“I do have the concern, though, there is a 40-second clock that’s moving after touchdowns and scoring plays, so they have got to hurry up and get off the field,” Eagles Coach Doug Pederson said. “But they are enjoying each other right now. They enjoy coming to work every week, and this game is hard enough, and when you score, you kind of want them to celebrate together, and that’s a great thing.
“It’s a lot of fun. Listen, the guys are having fun doing it. They are having fun playing together. Obviously, when you’re winning in this position, it is definitely fun and all that.”
A trace of eye-roll could be detected in Pederson’s words, which would not place him in the minority among NFL coaches. They are obsessed with preparation and detail, and the post-touchdown displays provide proof their players are spending at least a few minutes planning how to celebrate a score.
When asked before last Sunday about the celebrations across the league, New England Patriots Coach Bill Belichick responded, with an expressionless face and the grimmest monotone, “We’re really more interested in trying to keep the other team out of the end zone. None of us really spend a lot of time on the halftime show.”
Sunday, Patriots wideout Brandin Cooks scored a touchdown and then jumped on tight end Rob Gronkowski’s back and rode him around like a horse. The Patriots, under Belichick, had of course been banned from premeditated celebrations.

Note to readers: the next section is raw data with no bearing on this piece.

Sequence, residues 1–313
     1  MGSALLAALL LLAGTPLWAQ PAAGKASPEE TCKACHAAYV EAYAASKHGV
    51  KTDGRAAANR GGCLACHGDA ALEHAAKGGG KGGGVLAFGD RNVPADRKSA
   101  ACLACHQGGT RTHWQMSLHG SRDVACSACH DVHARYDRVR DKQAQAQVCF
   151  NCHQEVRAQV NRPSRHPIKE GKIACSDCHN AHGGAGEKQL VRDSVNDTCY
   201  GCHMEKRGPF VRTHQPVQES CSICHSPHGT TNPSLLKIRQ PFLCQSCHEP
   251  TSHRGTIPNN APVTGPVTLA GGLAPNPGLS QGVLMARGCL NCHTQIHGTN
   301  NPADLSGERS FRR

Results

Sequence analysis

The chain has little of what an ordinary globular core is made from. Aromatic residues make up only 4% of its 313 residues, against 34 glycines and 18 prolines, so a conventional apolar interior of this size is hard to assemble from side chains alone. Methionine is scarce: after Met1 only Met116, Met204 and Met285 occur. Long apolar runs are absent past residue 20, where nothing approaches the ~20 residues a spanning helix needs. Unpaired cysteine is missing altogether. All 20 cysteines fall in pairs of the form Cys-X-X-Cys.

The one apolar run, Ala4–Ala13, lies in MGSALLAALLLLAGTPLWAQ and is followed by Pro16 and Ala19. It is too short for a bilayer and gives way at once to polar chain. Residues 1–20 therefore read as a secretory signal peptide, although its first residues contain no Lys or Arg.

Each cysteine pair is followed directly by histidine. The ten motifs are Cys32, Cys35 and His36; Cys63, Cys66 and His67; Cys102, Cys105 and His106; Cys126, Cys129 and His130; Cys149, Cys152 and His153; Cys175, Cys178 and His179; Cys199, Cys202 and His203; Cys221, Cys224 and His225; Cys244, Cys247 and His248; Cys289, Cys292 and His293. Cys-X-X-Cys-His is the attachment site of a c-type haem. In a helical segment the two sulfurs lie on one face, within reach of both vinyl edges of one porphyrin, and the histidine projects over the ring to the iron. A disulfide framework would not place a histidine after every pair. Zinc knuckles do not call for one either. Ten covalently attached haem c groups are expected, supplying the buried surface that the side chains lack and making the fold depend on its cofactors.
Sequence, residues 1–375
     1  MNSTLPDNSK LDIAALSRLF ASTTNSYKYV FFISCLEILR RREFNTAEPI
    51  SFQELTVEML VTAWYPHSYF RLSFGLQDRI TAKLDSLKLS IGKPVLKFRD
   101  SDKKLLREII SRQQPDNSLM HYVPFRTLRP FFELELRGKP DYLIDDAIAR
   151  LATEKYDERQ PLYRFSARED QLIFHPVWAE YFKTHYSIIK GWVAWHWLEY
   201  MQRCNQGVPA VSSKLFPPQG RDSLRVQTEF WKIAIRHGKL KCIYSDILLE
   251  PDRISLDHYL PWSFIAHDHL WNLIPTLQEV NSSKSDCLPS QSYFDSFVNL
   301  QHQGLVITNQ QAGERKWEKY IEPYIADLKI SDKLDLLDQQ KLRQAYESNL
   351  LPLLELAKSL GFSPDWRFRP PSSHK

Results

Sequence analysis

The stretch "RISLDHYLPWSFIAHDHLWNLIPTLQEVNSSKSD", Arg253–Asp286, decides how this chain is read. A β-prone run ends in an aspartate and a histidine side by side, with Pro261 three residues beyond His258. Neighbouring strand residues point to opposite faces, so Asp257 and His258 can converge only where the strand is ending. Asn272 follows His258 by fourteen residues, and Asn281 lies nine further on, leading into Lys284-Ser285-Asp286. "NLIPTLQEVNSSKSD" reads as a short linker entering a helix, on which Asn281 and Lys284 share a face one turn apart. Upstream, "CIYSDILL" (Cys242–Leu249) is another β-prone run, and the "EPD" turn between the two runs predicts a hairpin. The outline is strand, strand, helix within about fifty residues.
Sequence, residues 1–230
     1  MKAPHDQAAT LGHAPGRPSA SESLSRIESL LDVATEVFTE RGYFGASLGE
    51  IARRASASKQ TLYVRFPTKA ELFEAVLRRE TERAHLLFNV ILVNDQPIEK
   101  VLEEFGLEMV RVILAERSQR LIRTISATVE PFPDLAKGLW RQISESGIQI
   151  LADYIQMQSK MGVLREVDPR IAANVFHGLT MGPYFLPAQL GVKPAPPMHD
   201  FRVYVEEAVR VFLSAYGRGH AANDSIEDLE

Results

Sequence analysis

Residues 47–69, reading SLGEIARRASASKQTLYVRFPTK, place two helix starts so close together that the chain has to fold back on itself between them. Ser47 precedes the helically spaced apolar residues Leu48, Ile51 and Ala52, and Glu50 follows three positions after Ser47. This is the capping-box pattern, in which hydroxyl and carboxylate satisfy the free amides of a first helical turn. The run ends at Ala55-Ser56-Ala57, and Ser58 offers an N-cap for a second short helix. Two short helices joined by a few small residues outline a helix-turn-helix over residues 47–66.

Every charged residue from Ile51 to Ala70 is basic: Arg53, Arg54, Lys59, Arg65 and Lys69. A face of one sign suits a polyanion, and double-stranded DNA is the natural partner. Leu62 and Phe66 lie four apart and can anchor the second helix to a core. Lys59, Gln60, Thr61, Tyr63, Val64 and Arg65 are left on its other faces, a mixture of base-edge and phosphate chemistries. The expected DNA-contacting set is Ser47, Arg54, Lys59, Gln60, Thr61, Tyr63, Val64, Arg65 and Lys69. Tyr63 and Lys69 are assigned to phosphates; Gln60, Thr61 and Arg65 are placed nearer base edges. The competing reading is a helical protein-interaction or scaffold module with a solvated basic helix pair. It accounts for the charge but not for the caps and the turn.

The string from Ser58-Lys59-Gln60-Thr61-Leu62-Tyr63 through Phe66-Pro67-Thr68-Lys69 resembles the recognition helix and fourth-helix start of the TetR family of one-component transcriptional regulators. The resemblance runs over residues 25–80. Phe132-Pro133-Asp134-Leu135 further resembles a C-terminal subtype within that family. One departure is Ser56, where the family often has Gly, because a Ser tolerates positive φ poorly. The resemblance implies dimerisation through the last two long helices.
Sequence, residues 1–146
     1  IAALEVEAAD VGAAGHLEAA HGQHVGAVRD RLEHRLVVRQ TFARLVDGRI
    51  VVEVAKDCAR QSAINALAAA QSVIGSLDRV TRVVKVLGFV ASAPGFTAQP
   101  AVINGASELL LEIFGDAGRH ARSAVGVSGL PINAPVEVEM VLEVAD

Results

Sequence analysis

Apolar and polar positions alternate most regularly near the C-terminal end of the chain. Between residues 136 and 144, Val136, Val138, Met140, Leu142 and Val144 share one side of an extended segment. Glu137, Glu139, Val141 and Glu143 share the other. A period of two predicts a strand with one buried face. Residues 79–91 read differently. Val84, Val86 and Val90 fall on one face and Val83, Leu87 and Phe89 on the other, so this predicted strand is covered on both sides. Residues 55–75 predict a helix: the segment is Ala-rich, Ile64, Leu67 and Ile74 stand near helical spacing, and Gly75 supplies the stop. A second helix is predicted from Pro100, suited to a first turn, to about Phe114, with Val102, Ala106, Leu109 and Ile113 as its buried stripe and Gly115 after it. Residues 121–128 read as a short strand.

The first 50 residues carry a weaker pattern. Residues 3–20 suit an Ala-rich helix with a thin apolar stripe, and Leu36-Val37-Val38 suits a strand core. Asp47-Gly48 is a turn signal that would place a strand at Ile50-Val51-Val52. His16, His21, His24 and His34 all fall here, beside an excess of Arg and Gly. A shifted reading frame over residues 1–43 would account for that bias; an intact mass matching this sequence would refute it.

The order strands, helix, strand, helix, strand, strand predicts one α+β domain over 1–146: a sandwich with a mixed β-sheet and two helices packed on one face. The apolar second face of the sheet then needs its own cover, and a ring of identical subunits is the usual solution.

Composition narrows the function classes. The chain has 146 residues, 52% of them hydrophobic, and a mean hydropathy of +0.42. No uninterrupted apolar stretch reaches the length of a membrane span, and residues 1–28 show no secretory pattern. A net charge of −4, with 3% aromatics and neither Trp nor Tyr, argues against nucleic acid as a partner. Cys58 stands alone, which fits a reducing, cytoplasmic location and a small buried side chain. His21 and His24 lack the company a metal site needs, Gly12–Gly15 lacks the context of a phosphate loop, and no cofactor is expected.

“Yeah, that was not planned or anything,” Gronkowski said afterward, wearing the world’s worst poker face. “We got yelled at. We’re not allowed to talk about celebrations. That’s what we got told. But I kind of want to talk about it, but I kind of don’t because I’ll get in trouble, so I don’t know what to do. So, it just happened on the spot. It wasn’t planned. We’ll just keep it there.”
Some NFL players have found inspiration abroad. For years, European soccer stars have scrawled messages on shirts worn under their jerseys, revealing the words after scoring a goal. On Thanksgiving, Vikings defensive end Everson Griffen recorded a sack, peeled away from the pile and yanked down a white T-shirt emblazoned with a message: “I just had a baby boy, what should we name him?” (Days later, Griffen revealed he and his wife, Tiffany, had decided on Sebastian Gregory.)
Another child-themed celebration unfolded Sunday. Bengals cornerback Adam Jones welcomed Adam Jr. on the eve of Cincinnati’s game against the Browns. Jones returned a punt for a touchdown. Jones laid on his back, stuck the ball under his uniform and proceeded to “push” the ball out in the manner of a woman giving birth, into the hands of a waiting teammate who returned the ball to Jones. He then held it aloft, to the glee of a screaming home stadium.
Alas, the score was called back because of an illegal blocking penalty, to the chagrin of the football’s parents.